Austin-Area Residential Treatment Program Improves Mental Health | MCUTimes

Austin-Area Residential Treatment Program Improves Mental Health

A mental health care facility in the Austin area treats a large population that experiences homelessness while saving the local health care system millions annually, according to new peer-reviewed research from the University of Texas at Austin, published today in Psychiatric services.

Researchers know Dell Medical School and Lyndon B. Johnson School of Public Affairscompared the costs per mental crisis episode at a psychiatric hospital ($ 6,382) or community hospital ($ 8,035) with the price per. episode at The Inn ($ 3,121), a 16-bed residential facility operated by Integrated care, Travis County Mental Health Authority. Results show that The Inn, which provides up to 7 days of support to adults recovering from a mental health crisis, saved the local health system between $ 1.87 million and $ 2.82 million annually from 2017 to 2019 compared to the same treatment and length of stay in hospital settings.

Services at The Inn include assistance in regaining stability, medication, 24/7 nursing services, alcohol and drug recovery support, and psychiatric support groups. Clients are also connected to other Integral Care programs and local resources for ongoing care and recovery assistance. Researchers say their findings suggest that places like The Inn, known as crisis housing treatment programs, can deliver improved patient outcomes while saving money for the healthcare sector.

“While the inn saves the health care system money while improving outcomes, health care is so fragmented that the provider, integrated care, does not benefit from the savings,” the co-author said. Stephen Strakowski, Vice Dean of Research and Professor at the Department of Psychiatry and Behavioral Sciences at Dell Med. “Therefore, this fragmentation is split by the creation of more beneficial programs like this.”

The inn catered to 1,371 unique individuals and treated a total of 1,719 episodes during the three-year study period. Ninety percent of these patients lived below the federal poverty level, with more than half (54%) experiencing homelessness. If all the people treated at The Inn had been treated at a local psychiatric hospital instead, the total additional cost to the health care system would have been $ 5.61 million or $ 1.87 million annually. Similarly, if all the people treated at The Inn had instead been treated at a local community hospital, the total additional cost to the health care system would have been $ 8.45 million or $ 2.82 million annually.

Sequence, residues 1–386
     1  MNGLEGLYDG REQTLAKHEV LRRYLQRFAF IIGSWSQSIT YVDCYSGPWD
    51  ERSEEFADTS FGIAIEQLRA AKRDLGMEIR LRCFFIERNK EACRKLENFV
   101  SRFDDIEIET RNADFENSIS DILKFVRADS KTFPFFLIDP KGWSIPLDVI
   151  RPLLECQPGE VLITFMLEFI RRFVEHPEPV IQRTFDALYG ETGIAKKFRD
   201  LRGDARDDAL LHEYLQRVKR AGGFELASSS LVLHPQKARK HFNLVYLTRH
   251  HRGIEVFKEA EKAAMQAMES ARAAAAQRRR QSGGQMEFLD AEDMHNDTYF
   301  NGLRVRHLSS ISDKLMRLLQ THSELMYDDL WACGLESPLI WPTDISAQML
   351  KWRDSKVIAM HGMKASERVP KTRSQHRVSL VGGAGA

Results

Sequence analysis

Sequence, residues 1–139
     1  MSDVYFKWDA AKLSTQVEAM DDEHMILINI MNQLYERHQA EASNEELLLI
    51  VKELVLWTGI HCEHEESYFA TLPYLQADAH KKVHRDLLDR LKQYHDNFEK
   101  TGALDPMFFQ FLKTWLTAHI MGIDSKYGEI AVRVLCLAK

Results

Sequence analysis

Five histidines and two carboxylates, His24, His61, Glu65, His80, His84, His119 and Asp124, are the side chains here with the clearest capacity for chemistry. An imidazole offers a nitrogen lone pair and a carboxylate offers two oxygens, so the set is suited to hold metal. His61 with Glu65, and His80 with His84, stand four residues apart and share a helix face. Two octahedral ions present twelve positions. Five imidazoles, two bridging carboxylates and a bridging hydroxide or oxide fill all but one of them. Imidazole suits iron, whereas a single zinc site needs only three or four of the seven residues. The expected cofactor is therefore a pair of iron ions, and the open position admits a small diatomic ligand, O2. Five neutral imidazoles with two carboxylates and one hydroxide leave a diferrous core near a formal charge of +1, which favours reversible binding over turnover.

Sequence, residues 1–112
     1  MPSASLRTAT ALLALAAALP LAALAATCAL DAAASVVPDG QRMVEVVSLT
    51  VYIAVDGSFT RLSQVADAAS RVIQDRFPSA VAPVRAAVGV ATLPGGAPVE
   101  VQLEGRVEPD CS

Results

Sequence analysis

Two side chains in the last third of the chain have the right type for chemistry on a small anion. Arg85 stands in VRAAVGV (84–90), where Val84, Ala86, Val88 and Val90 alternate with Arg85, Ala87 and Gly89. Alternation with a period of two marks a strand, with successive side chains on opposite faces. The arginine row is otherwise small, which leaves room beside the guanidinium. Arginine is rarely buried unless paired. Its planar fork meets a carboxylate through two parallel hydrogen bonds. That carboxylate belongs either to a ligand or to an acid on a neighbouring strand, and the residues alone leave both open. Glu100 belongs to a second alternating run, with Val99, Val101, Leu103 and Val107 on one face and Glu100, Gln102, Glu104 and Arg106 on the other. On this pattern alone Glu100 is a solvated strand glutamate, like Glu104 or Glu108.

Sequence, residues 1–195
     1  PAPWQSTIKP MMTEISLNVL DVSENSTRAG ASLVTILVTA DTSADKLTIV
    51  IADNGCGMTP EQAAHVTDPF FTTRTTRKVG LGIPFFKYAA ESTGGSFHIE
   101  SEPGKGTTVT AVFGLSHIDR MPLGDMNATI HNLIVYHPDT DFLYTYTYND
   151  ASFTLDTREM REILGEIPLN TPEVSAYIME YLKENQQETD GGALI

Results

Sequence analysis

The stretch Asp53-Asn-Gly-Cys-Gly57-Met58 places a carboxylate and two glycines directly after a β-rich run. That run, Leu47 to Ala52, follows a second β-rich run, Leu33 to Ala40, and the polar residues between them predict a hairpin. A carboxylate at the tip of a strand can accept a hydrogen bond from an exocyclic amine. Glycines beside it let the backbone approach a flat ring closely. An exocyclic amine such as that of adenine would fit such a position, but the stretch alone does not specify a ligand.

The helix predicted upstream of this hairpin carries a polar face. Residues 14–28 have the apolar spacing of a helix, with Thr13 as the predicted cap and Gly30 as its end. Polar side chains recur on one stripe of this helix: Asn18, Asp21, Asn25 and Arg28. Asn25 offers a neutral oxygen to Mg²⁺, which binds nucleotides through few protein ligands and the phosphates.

“This was an inspiring study to do,” he said Todd Olmstead, Associate Professor of Public Affairs at the University of Texas at Austin. “It’s always nice to see programs that both help people recover and save money at the same time. Compared to hospitals, Integral Care carries lower costs – think ‘no CT or MRI machines or operating rooms’ – and has lower operating costs. And many studies have consistently shown that programs like The Inn typically have similar clinical outcomes and greater patient satisfaction compared to hospitalization. ”

Unlike most inpatient hospital settings, crisis hospital treatment centers provide a less restrictive, home-like atmosphere. Federal agencies and attorneys have identified housing programs as one of the most important crisis services in best practice continuity in caring for those experiencing mental health challenges. In fact, housing programs are part of an ongoing regional effort to redevelop Texas’ psychiatric hospital system. In the 38 counties of Austin State Hospital’s service area, unmet mental health needs accounted for $ 93 million in emergency department costs; $ 85 million in prison costs and an additional $ 9 million in costs for mental health court, probation and law enforcement in one year from 2015 to 2016.

“Integral Care has been providing crisis services in Travis County for over 50 years. Our goal is to offer the least restrictive level of care to help people rebuild their health and well-being after a mental health crisis, ”said Dr. Kathleen Casey, Senior Director of Clinical Innovation and Development at Integral Care. “Our partnership with the University of Texas at Austin not only allows us to highlight the cost-effectiveness of this care model, but also its positive impact on the health of those we serve. Community-based housing, such as The Inn, facilitates an ongoing relationship with people to better connect them from crisis stabilization to ongoing services that support their health and recovery. ”

Researchers say future work could use these findings to improve public spending and the efficiency of the mental health system.

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